Hosted by Mindy Ratner, ‘Candles Burning Brightly’ is a delightful hour for everyone to celebrate the Jewish Festival of Lights! There is lots of music from Jewish communities worldwide, a hilarious lesson on preparing a classic Hanukkah dish, and a timeless and touching holiday story that brings light into every home.
Traditional Sephardic: La Fiesta de la Hanukia (Ladino) – Yale Strom’s Broken Consort; Elizabeth Schwartz, vocals
Traditional: Blessing Melody – Andrea Stern, harp; recorded at Maud Moon Weyerhaeuser Studio at American Public Media, July 2014
Traditional (arr. Ellstein; choral arr. Jacobson, orch. Gelber): Candle Blessings (Hebrew) – Cantor Morton Shames, Aram Demirjian, vocals; New England Conservatory Chorus and Orchestra/Tamara Brooks, conductor
Shelley Olson: A Chanukah Cantata: Blessing – Rosemary Quinn-Milch, cello; Deborah Scholem, violin
Theodore Bikel reads “The Lost Menorah” by Howard Schwartz from Adam’s Soul: The Collected Tales of Howard Schwartz (published 1992 by Jason Aronson; now out of print); used with the kind permission of the author
Scott Robinson: Great is the Miracle: Mi Ze Hidlik (excerpt) – Eaken Piano Trio
Judith Clurman and David Chase: Eight Days of Lights (Hebrew/English) – Essential Voices USA/Judith Clurman, conductor James Cunningham; piano
Chaim Parchi (arr. Jacobson): Aleh Neri (Hebrew) – Chaim Parchi, soloist; Zamir Chorale of Boston/Joshua Jacobson, conductor
Traditional (arr Clurman, Hochman, Stokes Mitchell): Songs of Freedom: Likhvod HaChanukah (English) – Ron Raines, soloist; Essential Voices USA Chorus and Ensemble/ Judith Clurman, conductor
Flory Jagoda: Ocho Candelikas (Ladino) – Rebecca Shrimpton and Marissa Steingold, vocals; New England Conservatory Jewish Music Ensemble/Hankus Netsky, conductor
Traditional (arr J Tyzik): Chanukah Suite: I Have a Little Dreidel (excerpt) – Rochester Philharmonic Orchestra/Jeff Tyzik, conductor
Traditional Sephardic: Azeremos una Merenda (Ladino) – Derek Burrows, vocals; Voice of the Turtle
Chasia Segal: Latke Cooking Demonstration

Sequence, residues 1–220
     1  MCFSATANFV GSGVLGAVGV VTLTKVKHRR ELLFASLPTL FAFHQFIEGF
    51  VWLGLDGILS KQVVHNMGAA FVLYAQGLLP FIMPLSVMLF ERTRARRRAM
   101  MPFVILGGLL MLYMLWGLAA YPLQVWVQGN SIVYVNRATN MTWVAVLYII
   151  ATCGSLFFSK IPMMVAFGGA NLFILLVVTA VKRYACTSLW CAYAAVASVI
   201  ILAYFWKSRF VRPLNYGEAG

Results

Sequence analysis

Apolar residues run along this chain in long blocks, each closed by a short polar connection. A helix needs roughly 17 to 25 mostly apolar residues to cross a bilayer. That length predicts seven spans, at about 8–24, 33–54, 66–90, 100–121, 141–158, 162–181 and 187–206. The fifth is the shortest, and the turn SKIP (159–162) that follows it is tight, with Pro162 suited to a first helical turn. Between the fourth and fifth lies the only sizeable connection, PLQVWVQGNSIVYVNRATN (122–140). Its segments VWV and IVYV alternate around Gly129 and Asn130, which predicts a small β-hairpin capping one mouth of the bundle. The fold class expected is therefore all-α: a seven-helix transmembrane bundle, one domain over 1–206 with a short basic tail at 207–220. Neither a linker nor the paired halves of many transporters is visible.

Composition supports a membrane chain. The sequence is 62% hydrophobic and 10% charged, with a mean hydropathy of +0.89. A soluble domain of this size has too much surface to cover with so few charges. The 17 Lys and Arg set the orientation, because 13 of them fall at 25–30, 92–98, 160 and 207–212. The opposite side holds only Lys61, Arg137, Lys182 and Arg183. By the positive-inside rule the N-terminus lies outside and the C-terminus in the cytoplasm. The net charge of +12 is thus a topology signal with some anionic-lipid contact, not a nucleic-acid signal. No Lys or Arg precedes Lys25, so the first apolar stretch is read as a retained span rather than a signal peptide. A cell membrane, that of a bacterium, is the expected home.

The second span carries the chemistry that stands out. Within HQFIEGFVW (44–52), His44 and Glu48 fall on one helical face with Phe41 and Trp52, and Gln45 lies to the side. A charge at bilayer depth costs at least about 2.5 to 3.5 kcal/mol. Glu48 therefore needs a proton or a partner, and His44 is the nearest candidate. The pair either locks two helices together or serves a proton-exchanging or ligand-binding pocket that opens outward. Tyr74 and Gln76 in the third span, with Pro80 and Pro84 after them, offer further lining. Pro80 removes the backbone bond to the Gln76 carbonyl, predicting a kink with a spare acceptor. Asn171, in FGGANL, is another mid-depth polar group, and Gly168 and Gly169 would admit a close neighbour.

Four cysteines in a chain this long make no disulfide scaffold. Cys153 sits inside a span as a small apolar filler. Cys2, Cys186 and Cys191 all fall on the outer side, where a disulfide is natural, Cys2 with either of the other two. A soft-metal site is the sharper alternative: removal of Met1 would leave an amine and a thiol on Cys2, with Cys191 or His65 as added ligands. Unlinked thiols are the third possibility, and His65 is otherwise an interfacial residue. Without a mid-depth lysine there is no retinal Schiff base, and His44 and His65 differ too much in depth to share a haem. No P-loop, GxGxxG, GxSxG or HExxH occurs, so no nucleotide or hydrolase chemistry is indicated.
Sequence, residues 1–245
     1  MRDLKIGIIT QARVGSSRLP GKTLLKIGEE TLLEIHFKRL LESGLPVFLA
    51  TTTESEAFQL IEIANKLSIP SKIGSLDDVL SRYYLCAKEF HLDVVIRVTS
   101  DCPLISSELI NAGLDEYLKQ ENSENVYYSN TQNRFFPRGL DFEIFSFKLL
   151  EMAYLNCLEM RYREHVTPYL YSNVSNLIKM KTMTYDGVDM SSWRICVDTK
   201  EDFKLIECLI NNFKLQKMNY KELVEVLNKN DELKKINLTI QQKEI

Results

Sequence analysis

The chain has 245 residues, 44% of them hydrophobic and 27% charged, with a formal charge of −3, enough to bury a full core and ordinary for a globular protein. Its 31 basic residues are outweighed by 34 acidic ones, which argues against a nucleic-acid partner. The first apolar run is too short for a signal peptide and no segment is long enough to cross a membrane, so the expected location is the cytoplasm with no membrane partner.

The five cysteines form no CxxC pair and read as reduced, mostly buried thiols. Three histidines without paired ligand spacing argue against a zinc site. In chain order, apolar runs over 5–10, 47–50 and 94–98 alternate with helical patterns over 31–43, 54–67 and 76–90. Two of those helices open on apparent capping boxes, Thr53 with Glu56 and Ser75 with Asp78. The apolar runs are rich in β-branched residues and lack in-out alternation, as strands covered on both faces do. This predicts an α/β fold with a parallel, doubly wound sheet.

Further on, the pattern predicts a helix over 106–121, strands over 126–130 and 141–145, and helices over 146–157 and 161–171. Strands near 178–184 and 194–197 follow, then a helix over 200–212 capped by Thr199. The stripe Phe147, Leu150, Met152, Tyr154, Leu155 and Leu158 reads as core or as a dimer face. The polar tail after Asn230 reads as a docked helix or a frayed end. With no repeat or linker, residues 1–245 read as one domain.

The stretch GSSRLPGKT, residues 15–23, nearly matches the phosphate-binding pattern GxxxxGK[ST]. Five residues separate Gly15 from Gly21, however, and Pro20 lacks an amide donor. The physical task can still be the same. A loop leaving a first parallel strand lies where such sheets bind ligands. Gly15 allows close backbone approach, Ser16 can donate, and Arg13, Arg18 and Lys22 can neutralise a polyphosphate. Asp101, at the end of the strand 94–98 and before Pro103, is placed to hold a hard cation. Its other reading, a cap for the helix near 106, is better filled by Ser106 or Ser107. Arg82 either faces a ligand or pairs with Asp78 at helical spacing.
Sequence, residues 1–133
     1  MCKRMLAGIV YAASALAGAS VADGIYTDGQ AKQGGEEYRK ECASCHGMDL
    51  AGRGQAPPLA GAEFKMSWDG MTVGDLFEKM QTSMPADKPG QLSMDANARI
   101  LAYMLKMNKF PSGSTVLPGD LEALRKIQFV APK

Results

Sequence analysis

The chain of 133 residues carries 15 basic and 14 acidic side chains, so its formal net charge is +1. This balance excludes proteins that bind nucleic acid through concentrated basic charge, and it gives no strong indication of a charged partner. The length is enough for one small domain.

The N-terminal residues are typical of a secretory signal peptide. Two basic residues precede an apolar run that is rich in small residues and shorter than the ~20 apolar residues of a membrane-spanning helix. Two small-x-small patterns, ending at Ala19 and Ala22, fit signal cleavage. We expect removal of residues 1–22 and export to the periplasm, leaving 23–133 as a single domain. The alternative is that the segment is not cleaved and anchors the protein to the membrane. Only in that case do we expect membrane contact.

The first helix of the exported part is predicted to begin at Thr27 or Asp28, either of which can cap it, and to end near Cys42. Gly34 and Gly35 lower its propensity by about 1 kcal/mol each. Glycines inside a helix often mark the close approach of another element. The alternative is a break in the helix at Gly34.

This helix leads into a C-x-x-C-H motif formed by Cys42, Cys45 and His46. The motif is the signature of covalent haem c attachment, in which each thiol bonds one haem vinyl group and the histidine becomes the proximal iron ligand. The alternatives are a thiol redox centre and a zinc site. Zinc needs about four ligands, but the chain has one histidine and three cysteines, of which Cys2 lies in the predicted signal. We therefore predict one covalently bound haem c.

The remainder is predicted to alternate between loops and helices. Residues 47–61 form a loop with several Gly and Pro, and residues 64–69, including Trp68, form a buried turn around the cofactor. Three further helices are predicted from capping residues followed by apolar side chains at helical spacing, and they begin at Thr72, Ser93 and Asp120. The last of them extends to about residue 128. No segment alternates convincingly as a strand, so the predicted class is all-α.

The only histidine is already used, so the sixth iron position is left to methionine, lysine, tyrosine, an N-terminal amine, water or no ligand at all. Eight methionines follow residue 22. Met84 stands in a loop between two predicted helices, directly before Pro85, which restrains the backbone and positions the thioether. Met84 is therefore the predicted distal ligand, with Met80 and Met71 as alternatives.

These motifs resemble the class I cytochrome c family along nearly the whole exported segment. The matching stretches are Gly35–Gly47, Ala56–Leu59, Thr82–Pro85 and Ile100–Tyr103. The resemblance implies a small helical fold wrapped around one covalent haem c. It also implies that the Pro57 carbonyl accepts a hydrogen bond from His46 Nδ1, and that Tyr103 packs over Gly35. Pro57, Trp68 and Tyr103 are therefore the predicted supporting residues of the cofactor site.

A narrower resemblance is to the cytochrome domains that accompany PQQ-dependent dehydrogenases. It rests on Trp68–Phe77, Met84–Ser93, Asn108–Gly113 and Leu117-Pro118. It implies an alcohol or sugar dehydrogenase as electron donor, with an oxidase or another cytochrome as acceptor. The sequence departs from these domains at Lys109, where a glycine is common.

Judith Shatin: Nun, Gimel, Hei, Shin (Hebrew) – New London Children’s Choir/Ronald Corp, conductor
Folk Song (arr M Helfman): S’vivon (Hebrew/English) – Western Wind Vocal Ensemble
Avrom Goldfaden (arr EZ Levine): Drey Zikh, Dreydele (Yiddish/English) – Western Wind Vocal Ensemble
Traditional (arr A Binder): Maoz Tzur (Hebrew) – Zamir Chorale of Boston/Joshua Jacobson, conductor
Italian chant: Maoz Tzur (Hebrew) – Zamir Chorale of Boston/Joshua Jacobson, conductor
Hugo Chaim Adler: Maoz Tzur (By the Waters) (Hebrew) – Zamir Chorale of Boston/Joshua Jacobson, conductor
Traditional/David Bouzaglo: Am Ne’Emanay (Hebrew) – Galeet Dardashti, vocals; Divahn
Traditional Sephardic: Psalm 30 (instrumental/excerpt) – Western Wind Ensemble
The candelabrum is a central object in the observance of Chanukah because the holiday is all about light! But what this item is called can be the source of friendly debate. It's common in the United States to refer to the candelabrum used at Chanukah as a menorah. Technically, it is... but a menorah can have any number of branches, while the menorah used at Chanukah – called a chanukia (plural: chanukiot) – has branches for eight candles, plus one for the shamash, the "helper” that is used to light the rest of the candles. The candles should never be extinguished, but should be allowed to burn down by themselves.
The dreidel is a four-sided spinning top used for a little low-level gambling game played at Hanukkah.
The sides of the dreidel show the Hebrew letters נ (nun), ℷ (gimel), ה (hei) and ש (shin), which stand for the words "nes gadol haya sham" — meaning, "A great miracle happened there."
So what's at stake? Pennies, or nuts-in-the-shell, or small pieces of chocolate.
See more on dreidels in the photos below.
More music for Hanukkah
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